S U F F E R E D F O R U S
Lectio Divina (Latin for "Divine Reading") is a traditional Benedictine practice of scriptural reading, meditation and prayer intended to promote communion with God and to increase the knowledge of God's Word. It does not treat Scripture as texts to be studied, but as the Living Word. Lectio Divina has four separate steps: read; meditate; pray; contemplate. First a passage of Scripture is read, then its meaning is reflected upon. This is followed by prayer and contemplation on the Word of God.
The first step is the reading of Scripture. In order to achieve a calm and tranquil state of mind, preparation is recommended. The biblical reference for preparation via stillness is Psalm 46:10: "Be still, and know that I am God." An example would be sitting quietly, then reciting a prayer and inviting the Holy Spirit to guide the reading of the Scripture that is to follow.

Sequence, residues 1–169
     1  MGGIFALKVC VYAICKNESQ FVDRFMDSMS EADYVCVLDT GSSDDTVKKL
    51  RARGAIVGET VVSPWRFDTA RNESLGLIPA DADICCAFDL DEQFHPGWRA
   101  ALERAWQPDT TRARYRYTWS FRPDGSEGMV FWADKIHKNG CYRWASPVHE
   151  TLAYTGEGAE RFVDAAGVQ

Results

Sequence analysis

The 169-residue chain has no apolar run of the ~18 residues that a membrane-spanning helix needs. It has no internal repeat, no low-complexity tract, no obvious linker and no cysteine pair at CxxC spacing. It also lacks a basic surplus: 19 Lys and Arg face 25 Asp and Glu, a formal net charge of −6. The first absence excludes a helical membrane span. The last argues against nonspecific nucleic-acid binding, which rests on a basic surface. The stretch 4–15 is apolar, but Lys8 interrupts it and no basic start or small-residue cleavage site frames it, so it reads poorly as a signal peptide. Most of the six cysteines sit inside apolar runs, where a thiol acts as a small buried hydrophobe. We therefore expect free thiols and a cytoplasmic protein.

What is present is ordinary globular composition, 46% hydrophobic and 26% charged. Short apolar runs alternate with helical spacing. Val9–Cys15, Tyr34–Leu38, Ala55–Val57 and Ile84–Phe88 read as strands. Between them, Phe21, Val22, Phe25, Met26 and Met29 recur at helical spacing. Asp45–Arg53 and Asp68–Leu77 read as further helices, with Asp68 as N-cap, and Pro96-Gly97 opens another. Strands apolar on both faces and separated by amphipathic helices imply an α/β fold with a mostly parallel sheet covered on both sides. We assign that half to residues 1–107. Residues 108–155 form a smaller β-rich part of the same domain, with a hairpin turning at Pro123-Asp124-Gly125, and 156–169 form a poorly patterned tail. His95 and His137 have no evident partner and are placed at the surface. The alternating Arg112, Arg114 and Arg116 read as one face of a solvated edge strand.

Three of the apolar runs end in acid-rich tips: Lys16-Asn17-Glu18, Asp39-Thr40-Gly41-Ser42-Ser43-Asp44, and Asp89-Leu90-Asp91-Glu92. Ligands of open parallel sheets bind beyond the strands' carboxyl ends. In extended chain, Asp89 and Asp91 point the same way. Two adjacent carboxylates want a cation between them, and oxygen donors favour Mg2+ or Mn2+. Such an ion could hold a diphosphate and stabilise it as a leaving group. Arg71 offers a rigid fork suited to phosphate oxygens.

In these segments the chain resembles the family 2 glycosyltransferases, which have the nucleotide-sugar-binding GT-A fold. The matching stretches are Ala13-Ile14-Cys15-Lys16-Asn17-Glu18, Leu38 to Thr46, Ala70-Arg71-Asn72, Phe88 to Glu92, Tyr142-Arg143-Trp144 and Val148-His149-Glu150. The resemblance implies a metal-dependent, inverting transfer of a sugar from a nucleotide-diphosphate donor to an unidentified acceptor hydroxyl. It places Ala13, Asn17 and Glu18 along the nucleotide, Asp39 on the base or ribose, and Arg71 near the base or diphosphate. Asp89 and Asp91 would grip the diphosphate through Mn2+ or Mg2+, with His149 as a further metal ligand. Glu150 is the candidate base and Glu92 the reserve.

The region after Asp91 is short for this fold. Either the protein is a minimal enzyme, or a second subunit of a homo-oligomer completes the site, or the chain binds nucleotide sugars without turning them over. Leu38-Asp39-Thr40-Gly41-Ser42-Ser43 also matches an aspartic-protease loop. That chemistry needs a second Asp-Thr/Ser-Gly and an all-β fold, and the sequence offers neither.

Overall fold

The second movement involves meditating upon the scriptural passage; waiting for the action of the Holy Spirit to illuminate the mind, as it is pondered.
The third movement is prayer - dialogue with God; a loving conversation with God who has invited us into an embrace.
The final movement is contemplation. Silent thought and prayer that expresses love for God.